1. Train Employees

HIPAA requires you to train employees on both HIPAA policies and cybersecurity best practices. However, HIPAA only states two situations when you’re required to train employees:

  • They’re new to your business
  • There are updates or changes to HIPAA

That means employees potentially could go long stretches of time without any HIPAA training. However, 45 CFR § 164.530(b)(1) (the portion of the HIPAA Privacy Rule addressing training) also states, “A covered entity must train all members of its workforce on the policies and procedures with respect to protected health information required by this subpart and subpart D of this part, as necessary and appropriate [emphasis added] for the members of the workforce to carry out their functions within the covered entity.”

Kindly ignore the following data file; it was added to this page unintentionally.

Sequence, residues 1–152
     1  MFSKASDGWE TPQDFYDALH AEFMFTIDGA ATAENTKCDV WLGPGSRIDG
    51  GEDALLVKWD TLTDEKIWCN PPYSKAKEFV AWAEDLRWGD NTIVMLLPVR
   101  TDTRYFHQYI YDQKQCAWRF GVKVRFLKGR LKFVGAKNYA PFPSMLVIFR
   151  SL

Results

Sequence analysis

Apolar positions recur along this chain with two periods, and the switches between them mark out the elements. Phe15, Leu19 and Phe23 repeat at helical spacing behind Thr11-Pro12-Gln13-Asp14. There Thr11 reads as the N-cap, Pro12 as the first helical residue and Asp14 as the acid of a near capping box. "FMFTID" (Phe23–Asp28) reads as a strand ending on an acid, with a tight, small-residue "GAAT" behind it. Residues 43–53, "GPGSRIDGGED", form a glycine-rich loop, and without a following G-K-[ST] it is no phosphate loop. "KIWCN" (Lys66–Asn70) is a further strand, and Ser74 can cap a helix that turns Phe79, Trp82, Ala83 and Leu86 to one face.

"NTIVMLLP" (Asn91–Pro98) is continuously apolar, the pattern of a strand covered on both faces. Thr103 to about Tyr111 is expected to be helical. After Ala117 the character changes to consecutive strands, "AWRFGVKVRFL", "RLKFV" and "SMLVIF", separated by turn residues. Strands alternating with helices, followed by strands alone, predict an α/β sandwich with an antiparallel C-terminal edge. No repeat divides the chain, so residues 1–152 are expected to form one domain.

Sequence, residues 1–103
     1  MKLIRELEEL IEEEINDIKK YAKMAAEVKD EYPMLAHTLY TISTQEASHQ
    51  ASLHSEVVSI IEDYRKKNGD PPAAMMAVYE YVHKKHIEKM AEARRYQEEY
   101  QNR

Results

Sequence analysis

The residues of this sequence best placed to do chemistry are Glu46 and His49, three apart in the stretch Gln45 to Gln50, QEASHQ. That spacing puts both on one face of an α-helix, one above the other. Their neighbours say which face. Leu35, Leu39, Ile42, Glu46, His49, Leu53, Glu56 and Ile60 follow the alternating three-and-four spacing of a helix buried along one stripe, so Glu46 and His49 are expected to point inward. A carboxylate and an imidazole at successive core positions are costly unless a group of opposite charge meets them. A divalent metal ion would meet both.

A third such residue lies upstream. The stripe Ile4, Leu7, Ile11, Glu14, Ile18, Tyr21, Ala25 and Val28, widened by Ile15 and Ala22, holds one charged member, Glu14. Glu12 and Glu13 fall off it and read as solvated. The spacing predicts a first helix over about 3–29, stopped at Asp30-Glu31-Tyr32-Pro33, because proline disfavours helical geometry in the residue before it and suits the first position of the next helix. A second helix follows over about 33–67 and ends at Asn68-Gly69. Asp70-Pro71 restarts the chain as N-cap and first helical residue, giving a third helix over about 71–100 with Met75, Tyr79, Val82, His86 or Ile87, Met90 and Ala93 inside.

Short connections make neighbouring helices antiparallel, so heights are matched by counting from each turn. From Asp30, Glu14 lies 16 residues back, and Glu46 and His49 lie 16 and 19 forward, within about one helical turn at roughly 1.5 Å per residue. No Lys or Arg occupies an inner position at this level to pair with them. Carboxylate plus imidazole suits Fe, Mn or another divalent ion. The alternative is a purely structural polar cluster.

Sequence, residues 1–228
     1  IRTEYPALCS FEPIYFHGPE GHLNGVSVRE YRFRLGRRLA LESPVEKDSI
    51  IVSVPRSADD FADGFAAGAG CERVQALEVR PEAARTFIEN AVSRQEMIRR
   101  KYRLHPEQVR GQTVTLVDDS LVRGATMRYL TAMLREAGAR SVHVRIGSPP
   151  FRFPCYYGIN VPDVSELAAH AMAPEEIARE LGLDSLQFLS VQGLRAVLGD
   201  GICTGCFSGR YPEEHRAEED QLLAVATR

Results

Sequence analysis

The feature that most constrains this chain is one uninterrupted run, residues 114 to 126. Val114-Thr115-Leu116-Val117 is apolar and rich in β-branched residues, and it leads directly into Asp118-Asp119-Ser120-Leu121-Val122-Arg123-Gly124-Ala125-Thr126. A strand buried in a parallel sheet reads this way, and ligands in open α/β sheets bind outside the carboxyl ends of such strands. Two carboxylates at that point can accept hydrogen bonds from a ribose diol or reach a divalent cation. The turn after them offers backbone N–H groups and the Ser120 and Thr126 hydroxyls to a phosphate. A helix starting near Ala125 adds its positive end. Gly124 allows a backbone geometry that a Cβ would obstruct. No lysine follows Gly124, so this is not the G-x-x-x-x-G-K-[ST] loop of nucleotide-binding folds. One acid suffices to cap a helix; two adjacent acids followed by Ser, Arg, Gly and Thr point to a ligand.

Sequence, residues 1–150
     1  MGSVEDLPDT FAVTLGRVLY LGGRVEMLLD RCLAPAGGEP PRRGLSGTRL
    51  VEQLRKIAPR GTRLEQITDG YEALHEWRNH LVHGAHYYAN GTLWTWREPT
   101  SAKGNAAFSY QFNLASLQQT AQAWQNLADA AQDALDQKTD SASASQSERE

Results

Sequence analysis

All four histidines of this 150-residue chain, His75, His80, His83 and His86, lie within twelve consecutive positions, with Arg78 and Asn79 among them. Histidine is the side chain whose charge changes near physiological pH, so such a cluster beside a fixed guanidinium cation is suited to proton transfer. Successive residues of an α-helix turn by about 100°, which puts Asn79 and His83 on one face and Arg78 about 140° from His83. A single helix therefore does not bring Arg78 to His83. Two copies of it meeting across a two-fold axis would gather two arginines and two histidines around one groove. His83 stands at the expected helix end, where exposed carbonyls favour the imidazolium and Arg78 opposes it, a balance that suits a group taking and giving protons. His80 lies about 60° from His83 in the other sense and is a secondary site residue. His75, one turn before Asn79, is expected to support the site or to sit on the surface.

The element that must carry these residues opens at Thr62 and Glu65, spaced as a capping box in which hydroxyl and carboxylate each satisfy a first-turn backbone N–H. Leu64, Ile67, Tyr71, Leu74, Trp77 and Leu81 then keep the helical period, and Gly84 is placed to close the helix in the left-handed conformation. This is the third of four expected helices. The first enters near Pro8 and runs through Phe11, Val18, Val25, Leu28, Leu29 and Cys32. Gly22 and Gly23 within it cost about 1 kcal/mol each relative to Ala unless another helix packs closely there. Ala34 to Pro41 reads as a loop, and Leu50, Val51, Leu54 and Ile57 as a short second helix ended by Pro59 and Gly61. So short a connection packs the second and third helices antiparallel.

The portion of the HIPAA Security Rule addressing administrative safeguards, 45 CFR 164.308, also includes a security awareness training standard, which states, “Implement a security awareness and training program for all members of its workforce (including management).” It does not elaborate further on the required frequency of training.

In other words, covered entities are responsible for ensuring that their workforce continuously understands the HIPAA regulations, the organization’s policies and procedures, and best practices for protecting PHI. If you don’t address PHI compliance frequently, compliance won’t be top of mind for your employees, which puts your organization and your patients at risk.

This is why it’s best to train your team on a regular schedule. At a minimum, the best practice is to train all employees on HIPAA annually, with twice-yearly security awareness training. However, more frequent, less time-intensive training is increasingly imperative to keep cybersecurity top of mind among your workforce. Implement a monthly mandatory training session where you share the latest cybersecurity threats and remind your team about PHI requirements.